Backcountry Sledding on Spray Lake
an account by sled-dog guide, Nicole Lewis

Canmore, Alberta, Canada

The instructing guide hollers “OK puppies!” Without hesitation, my dog team jumps to their feet, filling the valley with wild barking. Lunging forward, their tug lines tighten and I check the snub line to make sure they’re still secured to the post. Just minutes ago, I was instructing students on where to place their hands and how to balance on their assigned runner. After a quick belly rub and ear scratch for my dogs, I nod to the assisting guide. He pulls the slipknot loose and calls out the “Hike” command to my eight-dog team who’ve already began pulling. We both smile as a surge of energy rushes through the dogs, and then into us. “Good girl Pandora! Good boy Hendrix!” I yell, continuously encouraging and praising the dogs throughout the trip.

I mush the 10 kilometer loop in Spray Lake Provincial Park up to four times a day. Our trail winds through snow-covered spruce and fir trees along the bottom of the north slopes of the Goat Mountain chain. I occasionally stop to instruct the two guest-driven sleds behind me, either to help the dogs up the hills by running beside the sled or to break down the hills to control their speed. We go down a hill and I lean my body out to the right and pull the weight of the sled around the corner to prevent it from tipping. We pass the turnoff for the Sunfeather Tour, an additional 16 kilometers of more technical trail. We round the sharp corner and the panoramic views of the ice-covered Goat Pond open into view. Earlier in the season, a break in a levee downstream caused a significant drop in the water level. This created massive pressure cracks in the ice requiring some technique to lead the dogs and sleds through what was once a flat stretch. We’ve reached the half-way point where we park, spread out along the pond, and anchor our snow hooks into the ice. People in the sleds now have a chance to drive back as we follow a glistening canal past the Spray Lakes Dam and back into the starting shoot. When we return, we all cuddle with the dogs and thank them for their hard work.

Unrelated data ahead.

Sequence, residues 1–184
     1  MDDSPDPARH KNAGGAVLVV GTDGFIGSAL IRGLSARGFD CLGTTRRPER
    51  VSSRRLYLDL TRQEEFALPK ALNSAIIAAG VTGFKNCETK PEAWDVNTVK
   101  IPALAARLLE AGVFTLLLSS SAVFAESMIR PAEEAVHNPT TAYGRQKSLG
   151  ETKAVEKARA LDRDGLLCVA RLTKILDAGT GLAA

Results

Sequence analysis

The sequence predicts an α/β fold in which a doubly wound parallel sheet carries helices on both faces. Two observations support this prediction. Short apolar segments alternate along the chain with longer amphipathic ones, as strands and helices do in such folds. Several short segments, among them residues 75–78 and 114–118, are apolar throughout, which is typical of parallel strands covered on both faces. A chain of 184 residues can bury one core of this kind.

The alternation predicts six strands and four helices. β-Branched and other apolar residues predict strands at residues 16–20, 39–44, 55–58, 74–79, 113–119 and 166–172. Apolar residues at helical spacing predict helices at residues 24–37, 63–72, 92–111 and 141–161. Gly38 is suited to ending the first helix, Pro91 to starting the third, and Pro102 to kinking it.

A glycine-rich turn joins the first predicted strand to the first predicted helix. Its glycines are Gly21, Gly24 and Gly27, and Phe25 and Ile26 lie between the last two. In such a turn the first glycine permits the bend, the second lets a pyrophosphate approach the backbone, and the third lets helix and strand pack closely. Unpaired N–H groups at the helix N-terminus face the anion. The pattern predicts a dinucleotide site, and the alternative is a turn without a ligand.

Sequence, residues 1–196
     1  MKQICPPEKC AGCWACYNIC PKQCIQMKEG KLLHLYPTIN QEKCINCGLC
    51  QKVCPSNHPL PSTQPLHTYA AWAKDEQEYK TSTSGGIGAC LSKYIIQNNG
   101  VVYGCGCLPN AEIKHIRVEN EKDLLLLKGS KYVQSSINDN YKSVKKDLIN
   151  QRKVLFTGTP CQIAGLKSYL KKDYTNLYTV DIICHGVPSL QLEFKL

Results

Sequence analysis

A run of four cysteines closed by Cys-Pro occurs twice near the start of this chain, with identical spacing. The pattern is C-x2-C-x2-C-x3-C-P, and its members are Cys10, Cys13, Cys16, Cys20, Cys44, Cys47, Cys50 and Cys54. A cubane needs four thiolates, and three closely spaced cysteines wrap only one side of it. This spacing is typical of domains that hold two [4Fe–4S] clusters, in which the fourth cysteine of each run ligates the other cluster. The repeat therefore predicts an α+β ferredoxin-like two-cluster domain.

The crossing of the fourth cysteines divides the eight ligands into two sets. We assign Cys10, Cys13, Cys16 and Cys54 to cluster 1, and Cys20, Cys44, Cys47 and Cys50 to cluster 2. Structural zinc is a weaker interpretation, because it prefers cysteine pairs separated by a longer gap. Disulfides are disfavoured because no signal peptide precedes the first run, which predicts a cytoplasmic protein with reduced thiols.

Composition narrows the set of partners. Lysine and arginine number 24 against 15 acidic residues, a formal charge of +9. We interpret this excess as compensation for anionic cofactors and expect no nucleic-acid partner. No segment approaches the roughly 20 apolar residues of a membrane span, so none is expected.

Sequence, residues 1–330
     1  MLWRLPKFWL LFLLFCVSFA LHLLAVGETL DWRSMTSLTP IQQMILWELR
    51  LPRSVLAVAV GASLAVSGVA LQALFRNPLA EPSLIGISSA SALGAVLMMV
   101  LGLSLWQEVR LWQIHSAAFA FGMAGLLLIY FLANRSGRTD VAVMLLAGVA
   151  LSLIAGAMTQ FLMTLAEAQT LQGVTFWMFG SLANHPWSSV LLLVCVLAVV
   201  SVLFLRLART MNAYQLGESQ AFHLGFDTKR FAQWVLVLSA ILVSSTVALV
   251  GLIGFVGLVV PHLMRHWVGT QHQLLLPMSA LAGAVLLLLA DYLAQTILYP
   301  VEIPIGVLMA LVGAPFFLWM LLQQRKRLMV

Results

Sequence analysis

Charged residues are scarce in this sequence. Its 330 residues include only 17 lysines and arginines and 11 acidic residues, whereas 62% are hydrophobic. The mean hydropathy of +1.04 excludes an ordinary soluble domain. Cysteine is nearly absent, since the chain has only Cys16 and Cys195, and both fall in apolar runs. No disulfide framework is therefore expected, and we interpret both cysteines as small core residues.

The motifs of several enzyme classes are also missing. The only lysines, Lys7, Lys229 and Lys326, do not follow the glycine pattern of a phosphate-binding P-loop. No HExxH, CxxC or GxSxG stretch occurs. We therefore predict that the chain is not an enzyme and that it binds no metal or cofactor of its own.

Snowy Owl started with three dogs, and then grew into a two hundred dog operation utilizing six different breeds of huskies over thirty years. It’s hard for guests to understand how I can be so close to each individual dog—there are so many. Despite the numbers, part of my job is to understand each one, professionally and personally. I need to know who they can run with, their past injuries, what position they can work well, whether they’re shy around strangers, when and how much they eat, and run them based on all of that information. I also need to know that Heart can’t go anywhere without her sister Joplin, not to move Kahlua’s rock collection, and that Flint likes his back end scratched a lot. They are my family. It’s indescribable the amount of love I feel toward each one.